Summer School Walleye

Walleye Finding Available Food

June marks the end of school in all of the Upper Midwest. With the beginning of summer I start to think about getting out and fishing for schooled up fish. That is right, those fish come together for a variety of reasons, but most important of these is to feed on the available food source.

Here is a typical situation at this time of the year. You've been on the water all day trying to scrounge up a few fish, walleyes, bass, or crappies. You've already worked the shallow and deep weedlines and determined that the fish aren't there. It's time to try the deep points and sunken islands. The only reason you haven't tried the more open water areas already is because the wind is blowing pretty good and holding a boat on the precise spot where the fish are will be difficult.

Finding a school of active fish would have been ideal if they were shallow or close to the shore. Unfortunately, at this point in June the school can be found out in open water, where the waves may be a little higher and boat control can give even the best angler fits.



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When fishing structure that isn't associated with shoreline or a stationary object in the water, it becomes essential to use a good depth finder. I will run back and forth over an area many times with my eyes glued on my Bottom Line Tournament NCC 6300 until I pinpoint the exact location of the fish on a piece of structure. They might be relating to a small finger extending from a sunken island or to a tiny corner on the point. Once I have located these fish, my presentation and bait selection is very important.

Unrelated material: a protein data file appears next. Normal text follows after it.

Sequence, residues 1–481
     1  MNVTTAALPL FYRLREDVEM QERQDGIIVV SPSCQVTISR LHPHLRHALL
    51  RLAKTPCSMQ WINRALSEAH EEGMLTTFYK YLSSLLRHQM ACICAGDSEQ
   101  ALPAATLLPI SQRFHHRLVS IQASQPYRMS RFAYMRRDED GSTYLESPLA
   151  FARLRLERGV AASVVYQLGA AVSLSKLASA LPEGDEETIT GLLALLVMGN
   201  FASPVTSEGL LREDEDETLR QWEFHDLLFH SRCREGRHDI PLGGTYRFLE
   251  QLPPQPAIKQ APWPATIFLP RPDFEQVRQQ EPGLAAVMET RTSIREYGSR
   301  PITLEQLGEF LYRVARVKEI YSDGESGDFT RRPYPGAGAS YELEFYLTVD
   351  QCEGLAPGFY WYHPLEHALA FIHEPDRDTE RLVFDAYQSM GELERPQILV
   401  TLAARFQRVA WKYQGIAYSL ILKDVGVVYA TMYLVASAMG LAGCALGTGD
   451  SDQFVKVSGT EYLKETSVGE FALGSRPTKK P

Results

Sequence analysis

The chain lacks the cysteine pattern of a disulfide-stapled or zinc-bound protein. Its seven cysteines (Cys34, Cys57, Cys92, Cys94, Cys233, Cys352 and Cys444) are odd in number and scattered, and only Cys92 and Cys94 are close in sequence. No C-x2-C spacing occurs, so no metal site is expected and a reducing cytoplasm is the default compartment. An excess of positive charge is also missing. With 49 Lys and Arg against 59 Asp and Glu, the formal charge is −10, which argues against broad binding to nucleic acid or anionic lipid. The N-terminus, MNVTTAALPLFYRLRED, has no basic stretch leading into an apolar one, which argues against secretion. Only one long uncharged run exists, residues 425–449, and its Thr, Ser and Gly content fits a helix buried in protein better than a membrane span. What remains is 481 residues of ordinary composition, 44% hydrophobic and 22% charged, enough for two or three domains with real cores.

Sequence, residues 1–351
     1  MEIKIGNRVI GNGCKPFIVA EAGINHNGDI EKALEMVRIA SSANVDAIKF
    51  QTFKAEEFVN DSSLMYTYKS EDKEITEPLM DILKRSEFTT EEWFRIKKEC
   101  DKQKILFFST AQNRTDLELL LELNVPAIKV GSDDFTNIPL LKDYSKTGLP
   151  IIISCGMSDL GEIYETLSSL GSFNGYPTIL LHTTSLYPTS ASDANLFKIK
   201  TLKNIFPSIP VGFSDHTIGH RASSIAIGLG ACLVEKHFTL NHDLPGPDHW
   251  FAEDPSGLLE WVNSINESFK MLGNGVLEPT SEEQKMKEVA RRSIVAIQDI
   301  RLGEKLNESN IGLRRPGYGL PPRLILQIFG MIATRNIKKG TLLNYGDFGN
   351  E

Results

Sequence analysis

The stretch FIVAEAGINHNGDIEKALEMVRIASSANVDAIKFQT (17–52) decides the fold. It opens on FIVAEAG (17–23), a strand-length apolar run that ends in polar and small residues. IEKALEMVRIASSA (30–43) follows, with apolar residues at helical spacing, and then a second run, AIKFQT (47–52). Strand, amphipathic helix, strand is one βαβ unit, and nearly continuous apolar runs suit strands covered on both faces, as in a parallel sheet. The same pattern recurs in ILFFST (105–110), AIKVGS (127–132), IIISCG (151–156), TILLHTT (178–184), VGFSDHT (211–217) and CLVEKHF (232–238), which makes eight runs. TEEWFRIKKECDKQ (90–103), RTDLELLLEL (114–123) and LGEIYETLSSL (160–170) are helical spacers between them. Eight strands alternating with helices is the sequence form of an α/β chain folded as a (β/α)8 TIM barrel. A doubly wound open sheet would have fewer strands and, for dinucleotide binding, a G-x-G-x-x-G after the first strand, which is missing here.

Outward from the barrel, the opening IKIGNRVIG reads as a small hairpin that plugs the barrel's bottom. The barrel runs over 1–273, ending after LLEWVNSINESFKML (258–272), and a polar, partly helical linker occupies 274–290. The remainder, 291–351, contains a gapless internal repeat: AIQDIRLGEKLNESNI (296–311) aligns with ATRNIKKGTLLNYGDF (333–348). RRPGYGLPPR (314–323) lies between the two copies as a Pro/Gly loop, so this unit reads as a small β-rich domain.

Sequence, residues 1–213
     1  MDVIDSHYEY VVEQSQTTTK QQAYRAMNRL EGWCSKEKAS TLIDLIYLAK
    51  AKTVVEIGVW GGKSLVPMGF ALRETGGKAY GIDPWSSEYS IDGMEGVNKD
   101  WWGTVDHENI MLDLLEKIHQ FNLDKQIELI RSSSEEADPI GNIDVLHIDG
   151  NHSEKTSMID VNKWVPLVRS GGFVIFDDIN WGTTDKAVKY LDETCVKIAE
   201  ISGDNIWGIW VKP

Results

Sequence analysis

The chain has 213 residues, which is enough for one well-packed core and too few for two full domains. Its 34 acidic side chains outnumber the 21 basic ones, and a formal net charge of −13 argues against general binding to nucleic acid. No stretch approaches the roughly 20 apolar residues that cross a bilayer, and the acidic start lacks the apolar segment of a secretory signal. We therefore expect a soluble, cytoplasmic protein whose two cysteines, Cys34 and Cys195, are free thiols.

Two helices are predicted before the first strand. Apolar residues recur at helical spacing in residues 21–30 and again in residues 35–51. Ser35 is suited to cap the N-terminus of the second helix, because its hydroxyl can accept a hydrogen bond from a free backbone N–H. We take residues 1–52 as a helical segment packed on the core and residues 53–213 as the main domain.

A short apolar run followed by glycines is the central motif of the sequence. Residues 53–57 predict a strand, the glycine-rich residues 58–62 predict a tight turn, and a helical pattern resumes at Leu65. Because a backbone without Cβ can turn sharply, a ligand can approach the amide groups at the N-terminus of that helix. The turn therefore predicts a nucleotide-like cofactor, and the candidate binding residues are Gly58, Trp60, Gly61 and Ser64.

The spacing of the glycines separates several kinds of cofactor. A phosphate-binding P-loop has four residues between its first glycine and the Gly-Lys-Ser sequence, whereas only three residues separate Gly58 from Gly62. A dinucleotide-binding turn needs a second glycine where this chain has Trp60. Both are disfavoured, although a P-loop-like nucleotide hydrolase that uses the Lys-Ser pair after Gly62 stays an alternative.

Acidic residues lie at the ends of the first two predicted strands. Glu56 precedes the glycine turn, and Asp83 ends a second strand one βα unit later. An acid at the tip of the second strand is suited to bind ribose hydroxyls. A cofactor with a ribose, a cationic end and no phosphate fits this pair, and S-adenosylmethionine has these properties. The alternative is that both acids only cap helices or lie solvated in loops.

The two basic types of lures that I use to fish rocks and weeds are jigs and crankbaits. Both of these simple to use lures allow an angler to rip and rustle through weeds, or do a job on the rocks. And, both give you sight and sound that is so critical in stained water.

The other critical factor to keep in mind is sunlight and what it will be doing to your fishing structure, especially rocks and off shore reefs.
Sunshine on the rocks, is like magic. The walleyes are active. I believe itís a matter of better vision coupled with increased baitfish activity. First, thereís increased light penetration through the water and more light reflection off the rocks. The rock fish can see better than usual. Second, increased light penetration spurs more algae and plankton growth, and, therefore more walleye movement. Rocks may even warm up a bit. There may be more to it than that, but whatever the reason, when itís sunny the rocks are the place to be.

Itís not a matter of the fish moving from the rocks to the weeds, or vice versa, depending on the sun. Itís simply the localized population of fish responding to changing conditions. One bunch is active; the other isnít. Tomorrow things may change. Be aware of the triggering effect of sunlight and concentrate you efforts accordingly.

The stained water demands lure choices that trigger by both sight and sound. Since you should work over, though and along the edges of weeds and down among the rocks, you should select a limited number of lures that will do all of the above. All you need is a very simple tackle assortment to catch these fish.